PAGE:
For want of a cut
When I first came here, there was no beauty salon. A cosmetologist came in once a month and only stayed long enough to cut the hair of residents who needed it most. When she came in on Saturdays, I used to watch her doing haircuts through the TV room's observation window.
When a new activity assistant was hired, she coincidently was a licensed cosmetologist and could do haircuts more often. Because haircuts were regularly scheduled, most of the residents looked well-tended. However, there are a few men who prefer their hair long and do not have it cut. Although most female residents will allow a haircut, there are also a few holdouts.
When the cosmetologist/activity assistant left 18 months ago, some residents would not let the activity director cut their hair. One male resident usually goes out for a haircut but since he can be difficult, he does not get to go very often. When he does, he is very pleased with his hair.
A twentysomething female resident came here with long hair. In the more than two years she has been here, it has not been cut, and it is halfway down her back. Her hair is wavy and thick, but I wonder if she might want it shortened and thinned out some. An older, female resident with almost white hair wore it in a cute, cheek-length bob when she came. Now it is below her shoulders. As warmer weather approaches, I would think a cut and thinning would spruce up her look and make her hair easier to care for.
One 67-year-old male resident has not had a haircut in more than a year. When an aide tried to use trimmers to cut it, he yelled and got physical. She tried again, but he acted up. She has not tried since. With his confused memory, he tells staff that his doctor, several miles away, will cut it. It is a shame that he will not cooperate. While his hair is sparse on top, the back is below his collar. He may want a male barber to cut his hair, or maybe he just wants to know a professional is doing it.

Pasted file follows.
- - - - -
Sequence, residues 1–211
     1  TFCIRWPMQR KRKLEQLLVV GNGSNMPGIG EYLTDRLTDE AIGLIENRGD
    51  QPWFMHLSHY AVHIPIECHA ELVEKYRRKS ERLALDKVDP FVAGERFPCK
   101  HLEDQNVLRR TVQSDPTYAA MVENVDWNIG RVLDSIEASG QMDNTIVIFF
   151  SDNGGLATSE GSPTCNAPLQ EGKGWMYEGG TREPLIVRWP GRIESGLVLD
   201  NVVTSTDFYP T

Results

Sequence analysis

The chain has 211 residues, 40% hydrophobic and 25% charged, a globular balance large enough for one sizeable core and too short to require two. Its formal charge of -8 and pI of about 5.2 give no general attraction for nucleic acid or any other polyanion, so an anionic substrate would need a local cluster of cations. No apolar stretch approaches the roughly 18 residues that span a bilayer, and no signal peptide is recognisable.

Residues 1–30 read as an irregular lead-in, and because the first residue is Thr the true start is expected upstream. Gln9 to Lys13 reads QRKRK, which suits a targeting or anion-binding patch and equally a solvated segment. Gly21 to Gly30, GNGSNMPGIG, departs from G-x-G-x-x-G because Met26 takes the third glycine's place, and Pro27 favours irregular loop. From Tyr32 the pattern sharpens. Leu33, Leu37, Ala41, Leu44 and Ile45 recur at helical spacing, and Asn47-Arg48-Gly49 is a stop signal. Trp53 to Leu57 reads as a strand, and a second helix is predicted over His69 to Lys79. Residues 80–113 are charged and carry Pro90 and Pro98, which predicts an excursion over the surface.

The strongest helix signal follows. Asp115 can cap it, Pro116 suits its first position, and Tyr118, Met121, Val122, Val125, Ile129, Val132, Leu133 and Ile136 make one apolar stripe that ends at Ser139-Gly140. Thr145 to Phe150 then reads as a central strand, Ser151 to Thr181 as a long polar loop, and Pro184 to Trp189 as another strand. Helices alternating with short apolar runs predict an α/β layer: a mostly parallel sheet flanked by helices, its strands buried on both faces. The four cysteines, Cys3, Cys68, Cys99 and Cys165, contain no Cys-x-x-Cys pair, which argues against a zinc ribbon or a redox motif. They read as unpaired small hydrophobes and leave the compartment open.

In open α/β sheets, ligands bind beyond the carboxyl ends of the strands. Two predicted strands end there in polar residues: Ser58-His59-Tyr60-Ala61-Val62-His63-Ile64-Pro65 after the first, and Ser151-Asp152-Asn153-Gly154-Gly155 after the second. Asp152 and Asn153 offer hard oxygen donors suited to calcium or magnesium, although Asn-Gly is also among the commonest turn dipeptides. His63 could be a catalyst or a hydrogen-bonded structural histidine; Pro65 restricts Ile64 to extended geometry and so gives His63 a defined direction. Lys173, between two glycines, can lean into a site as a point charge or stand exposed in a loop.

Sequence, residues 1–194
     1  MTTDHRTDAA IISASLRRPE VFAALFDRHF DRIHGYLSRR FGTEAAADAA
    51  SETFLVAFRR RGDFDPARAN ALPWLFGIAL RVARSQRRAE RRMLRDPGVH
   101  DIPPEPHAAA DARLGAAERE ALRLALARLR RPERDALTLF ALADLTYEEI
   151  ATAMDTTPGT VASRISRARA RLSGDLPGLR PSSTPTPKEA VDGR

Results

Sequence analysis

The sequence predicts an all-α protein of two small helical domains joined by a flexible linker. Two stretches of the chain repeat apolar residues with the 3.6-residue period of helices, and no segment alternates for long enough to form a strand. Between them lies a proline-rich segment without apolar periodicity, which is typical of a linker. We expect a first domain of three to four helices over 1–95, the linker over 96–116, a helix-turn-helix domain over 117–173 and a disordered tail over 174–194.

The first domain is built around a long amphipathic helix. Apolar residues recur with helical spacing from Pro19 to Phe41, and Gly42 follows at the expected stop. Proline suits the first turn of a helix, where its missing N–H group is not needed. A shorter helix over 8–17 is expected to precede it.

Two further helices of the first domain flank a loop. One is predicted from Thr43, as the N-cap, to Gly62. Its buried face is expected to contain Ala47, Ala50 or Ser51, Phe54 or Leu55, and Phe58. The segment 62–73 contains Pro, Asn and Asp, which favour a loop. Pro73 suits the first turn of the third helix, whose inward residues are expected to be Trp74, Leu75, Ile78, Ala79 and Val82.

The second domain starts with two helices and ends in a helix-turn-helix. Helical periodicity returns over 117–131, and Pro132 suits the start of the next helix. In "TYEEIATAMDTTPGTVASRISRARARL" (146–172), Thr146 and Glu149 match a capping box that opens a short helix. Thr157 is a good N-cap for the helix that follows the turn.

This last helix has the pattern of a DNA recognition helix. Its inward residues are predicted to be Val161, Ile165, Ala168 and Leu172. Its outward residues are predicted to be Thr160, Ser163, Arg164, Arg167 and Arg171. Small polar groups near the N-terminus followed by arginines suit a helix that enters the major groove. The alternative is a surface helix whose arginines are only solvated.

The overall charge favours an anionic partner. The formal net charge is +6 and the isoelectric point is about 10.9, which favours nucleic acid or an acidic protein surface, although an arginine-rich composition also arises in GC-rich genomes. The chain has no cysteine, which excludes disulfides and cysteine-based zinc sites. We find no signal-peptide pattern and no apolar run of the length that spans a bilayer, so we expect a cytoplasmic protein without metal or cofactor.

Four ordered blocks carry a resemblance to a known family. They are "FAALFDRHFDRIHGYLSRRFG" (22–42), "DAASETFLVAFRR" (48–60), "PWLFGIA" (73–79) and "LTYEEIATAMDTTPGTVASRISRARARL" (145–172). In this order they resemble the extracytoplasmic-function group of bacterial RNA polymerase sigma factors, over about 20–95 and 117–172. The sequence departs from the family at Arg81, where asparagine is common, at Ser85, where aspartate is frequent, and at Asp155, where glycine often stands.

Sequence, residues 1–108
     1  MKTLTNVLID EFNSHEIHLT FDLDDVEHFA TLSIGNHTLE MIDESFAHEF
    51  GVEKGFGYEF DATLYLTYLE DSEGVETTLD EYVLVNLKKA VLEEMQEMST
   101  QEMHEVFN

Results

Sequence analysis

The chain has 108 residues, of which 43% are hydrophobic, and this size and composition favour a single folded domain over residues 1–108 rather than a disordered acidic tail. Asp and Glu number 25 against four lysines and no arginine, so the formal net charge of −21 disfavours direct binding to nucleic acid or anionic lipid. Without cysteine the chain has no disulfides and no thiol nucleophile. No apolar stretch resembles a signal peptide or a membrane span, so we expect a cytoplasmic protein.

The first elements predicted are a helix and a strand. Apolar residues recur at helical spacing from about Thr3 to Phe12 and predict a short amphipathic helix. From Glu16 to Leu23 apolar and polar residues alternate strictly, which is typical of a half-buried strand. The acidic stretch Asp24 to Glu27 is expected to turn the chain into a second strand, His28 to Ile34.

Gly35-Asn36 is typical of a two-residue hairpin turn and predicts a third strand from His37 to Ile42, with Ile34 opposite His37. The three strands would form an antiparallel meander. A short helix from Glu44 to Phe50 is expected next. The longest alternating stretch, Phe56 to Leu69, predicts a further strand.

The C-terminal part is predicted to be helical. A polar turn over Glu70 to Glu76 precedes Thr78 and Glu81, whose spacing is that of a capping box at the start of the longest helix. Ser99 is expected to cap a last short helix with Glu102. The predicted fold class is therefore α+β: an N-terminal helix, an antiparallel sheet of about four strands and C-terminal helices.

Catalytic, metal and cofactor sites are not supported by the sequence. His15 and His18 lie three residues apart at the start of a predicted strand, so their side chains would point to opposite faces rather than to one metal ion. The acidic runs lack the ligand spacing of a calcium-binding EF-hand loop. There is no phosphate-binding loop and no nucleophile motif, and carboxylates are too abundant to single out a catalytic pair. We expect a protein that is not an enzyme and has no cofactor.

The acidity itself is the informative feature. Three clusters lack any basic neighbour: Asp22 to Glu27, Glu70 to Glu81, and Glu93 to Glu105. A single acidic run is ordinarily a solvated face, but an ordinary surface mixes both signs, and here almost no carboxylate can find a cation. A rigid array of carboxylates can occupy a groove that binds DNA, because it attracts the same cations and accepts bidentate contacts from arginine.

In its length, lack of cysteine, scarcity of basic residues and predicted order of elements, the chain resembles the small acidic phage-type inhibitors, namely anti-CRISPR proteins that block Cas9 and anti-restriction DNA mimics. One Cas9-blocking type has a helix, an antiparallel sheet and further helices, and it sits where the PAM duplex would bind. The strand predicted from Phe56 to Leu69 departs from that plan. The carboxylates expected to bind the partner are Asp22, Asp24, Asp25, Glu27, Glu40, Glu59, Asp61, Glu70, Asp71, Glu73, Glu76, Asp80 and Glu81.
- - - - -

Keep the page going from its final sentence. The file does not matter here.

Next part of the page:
There is a beauty school nearby, and haircuts are less than $10. Since residents enjoy outings, I would think a bus full of them could be taken there to have their hair cut. If the school was contacted beforehand, and the residents went at a non-busy time, they might even be able to get their hair cut without much of a wait.
Since my mother was a hairdresser, I am conscious of how my hair looks. It makes me sad when I see these residents going without haircuts. I guess there is no way to get them a free professional cut. Cosmetologists do not usually go to a nursing home unless the facility has salon amenities like a shampoo bowl and other tools of their trade.
Perhaps there is a way to convince some of the residents to forgo a few snack purchases, to pay for a haircut. I know when I get a haircut, or other salon service, it always lifts my spirits.
Kathleen Mears is a long-time blogger who has been a nursing home resident for 21 years. She is an incomplete quadriplegic and uses a power wheelchair to get around. Her computer is her “window on the world.” This blog shares her thoughts and view of life as a nursing home resident as well as ideas of how it might be improved in the future.